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Legislative Assembly for the ACT: 2021 Week 12 Hansard (Thursday, 25 November 2021) . . Page.. 3763 ..


by the grant funding provided by the ACT government, which is being led by women working in construction on the ground and supported by their executive—will have a positive and lasting impact on women in the construction industry.

I recommend Ms Lawder do further investigation before she condemns the work and initiative being undertaken by grassroots members and their elected leadership of workers’ organisations.

Legislation—religious discrimination

MR DAVIS (Brindabella) (5.37): While we have all been enjoying some important and civil debate on the issues that impact Canberrans, I unfortunately have to tell you that it has not been the same up on the hill today. I have been quite nervous and disappointed to see that the federal government is yet gain prosecuting its case for the Religious Discrimination Bill 2021—yet another sign that, unfortunately, this federal government holds the far right of Australian politics responsible for its election and is making sure that it makes good on its commitment.

I want to read from some comments from Equality Australia, who are key allies, particularly to the LGBTIQA+ community, and who have been steadfast in their opposition to the bill. According to Equality Australia, the Religious Discrimination Bill aims to protect people of faith and without faith from discrimination in certain areas of public life, such as employment, education and the provision of goods and services. For example, it will provide protection in certain circumstances for someone who is treated unfairly at work or turned away from a restaurant or shop because they have, or do not have, a religious belief, and will provide protection for someone who is unreasonably prevented from wearing religious dress as part of work or school uniforms.

But, importantly, the bill also takes away rights from people who are currently protected under anti-discrimination laws, like ours here in the ACT. Faith-based institutions will maintain special exemptions allowing them to discriminate against staff, students and people who rely on certain services. The Religious Discrimination Bill takes away existing anti-discrimination protections, including on the grounds of race, religion, sex, marital status, disability, sexual orientation, gender identity or intersex status. Employees, students and people accessing goods and services may not be protected under existing anti-discrimination laws where a person makes offensive, uninformed, insulting, demeaning or damaging statements based in or about religion.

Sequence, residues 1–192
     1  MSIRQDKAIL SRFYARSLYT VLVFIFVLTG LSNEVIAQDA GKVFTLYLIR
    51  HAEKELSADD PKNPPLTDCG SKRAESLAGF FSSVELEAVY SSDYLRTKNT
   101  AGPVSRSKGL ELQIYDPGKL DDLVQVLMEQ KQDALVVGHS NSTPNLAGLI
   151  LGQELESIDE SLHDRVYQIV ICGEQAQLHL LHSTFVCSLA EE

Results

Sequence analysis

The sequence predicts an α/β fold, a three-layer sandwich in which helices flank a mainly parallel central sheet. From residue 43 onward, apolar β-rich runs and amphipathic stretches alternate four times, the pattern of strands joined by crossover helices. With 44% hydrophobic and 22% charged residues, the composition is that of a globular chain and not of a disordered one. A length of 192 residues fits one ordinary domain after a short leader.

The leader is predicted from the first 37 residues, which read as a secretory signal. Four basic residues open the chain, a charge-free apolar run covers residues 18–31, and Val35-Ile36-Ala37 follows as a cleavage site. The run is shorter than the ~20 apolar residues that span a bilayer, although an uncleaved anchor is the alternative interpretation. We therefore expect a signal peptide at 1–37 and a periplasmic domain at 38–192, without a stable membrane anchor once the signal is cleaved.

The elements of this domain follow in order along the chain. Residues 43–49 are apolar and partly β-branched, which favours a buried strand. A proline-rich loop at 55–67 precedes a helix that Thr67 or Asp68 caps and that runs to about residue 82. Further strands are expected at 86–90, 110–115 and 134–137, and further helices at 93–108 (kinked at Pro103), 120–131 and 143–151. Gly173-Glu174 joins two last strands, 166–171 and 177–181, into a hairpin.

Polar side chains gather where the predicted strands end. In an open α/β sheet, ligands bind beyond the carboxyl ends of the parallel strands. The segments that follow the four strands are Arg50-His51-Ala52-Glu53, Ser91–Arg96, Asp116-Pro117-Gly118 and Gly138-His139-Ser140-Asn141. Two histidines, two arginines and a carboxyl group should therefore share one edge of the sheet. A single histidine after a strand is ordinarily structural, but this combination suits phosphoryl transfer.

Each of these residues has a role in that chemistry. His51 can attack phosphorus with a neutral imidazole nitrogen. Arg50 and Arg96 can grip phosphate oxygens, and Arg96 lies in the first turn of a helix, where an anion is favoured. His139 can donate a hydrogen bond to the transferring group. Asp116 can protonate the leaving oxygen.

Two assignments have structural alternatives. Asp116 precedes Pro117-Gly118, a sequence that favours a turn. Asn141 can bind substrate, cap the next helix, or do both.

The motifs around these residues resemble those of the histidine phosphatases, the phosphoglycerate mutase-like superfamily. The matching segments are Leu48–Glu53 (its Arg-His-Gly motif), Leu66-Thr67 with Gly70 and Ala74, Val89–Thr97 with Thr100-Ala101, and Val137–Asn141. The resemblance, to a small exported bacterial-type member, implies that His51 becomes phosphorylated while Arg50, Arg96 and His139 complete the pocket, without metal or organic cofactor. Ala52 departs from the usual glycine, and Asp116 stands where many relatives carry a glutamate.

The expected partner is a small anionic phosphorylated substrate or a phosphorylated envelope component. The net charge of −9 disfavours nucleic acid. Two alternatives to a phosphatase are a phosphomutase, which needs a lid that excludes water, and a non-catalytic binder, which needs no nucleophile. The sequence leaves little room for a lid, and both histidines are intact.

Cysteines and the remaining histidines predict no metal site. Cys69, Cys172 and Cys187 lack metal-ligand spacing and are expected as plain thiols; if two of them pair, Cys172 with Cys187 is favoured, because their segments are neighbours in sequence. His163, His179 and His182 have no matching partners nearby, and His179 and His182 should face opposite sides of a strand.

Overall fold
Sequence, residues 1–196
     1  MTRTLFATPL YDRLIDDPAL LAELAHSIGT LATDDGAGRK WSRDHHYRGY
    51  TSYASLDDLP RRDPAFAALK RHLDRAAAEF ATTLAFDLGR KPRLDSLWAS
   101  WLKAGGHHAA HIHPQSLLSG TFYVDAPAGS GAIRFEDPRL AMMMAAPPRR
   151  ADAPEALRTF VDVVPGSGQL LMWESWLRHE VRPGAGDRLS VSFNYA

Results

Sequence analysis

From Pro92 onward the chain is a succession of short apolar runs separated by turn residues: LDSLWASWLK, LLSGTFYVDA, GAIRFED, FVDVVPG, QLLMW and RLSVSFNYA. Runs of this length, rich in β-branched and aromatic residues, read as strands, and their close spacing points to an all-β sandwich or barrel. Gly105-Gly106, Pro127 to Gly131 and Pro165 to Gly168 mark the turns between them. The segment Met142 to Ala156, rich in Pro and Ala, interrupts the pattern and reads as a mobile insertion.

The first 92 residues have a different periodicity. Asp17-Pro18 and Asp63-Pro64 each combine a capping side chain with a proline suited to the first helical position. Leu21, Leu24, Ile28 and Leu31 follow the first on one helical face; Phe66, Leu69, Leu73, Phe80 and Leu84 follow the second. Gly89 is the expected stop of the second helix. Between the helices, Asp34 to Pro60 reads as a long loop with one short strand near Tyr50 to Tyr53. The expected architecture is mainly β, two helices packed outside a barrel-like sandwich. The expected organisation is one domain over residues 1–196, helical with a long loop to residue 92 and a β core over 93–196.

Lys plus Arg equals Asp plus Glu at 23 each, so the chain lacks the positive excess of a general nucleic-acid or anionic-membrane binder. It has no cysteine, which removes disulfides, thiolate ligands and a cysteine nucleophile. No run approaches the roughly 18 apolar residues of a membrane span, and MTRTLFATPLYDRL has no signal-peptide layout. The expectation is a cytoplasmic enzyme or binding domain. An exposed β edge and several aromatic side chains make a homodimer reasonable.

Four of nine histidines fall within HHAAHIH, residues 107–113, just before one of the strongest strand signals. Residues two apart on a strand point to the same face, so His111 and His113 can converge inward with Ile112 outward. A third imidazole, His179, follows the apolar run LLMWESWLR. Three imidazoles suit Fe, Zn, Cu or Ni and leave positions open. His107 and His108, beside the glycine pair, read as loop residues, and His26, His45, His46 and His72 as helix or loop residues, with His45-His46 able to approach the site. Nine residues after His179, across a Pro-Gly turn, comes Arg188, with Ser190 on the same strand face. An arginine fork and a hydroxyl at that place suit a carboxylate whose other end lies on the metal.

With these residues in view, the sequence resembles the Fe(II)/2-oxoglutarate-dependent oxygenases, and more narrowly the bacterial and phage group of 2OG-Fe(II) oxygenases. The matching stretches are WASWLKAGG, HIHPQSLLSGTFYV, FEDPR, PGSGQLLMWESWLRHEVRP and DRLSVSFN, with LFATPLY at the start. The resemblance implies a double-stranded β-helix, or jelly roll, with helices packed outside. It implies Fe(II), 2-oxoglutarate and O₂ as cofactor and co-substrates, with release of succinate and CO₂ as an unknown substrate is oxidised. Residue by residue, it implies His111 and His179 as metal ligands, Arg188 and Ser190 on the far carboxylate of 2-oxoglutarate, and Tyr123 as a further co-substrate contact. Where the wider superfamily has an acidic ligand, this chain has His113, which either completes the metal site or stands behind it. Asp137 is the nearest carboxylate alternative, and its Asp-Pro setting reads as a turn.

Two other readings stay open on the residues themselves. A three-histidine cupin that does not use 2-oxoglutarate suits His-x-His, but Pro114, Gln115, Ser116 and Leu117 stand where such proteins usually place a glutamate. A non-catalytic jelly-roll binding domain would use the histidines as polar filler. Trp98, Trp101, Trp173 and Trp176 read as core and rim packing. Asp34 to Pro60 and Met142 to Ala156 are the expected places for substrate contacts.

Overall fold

For example, the proposed laws may protect a boss, colleague, teacher, doctor, taxi driver or other service provider who says to a colleague, student, customer or client, “Menstruating women are unclean,” “Homosexuality is a sin,” “Disability is caused by the devil,” “Every child should have a mother and a father who are married,” “God made only men and women,” “HIV is a punishment from God,” and “People who do not believe in Jesus cannot get into heaven.” Statements which are malicious, that harass, threaten, intimidate or vilify, or which encourage serious offences, will not be protected. But where the line will be drawn between statements made in good faith that are allowed, and those which are not, is unclear—purposely unclear. This is


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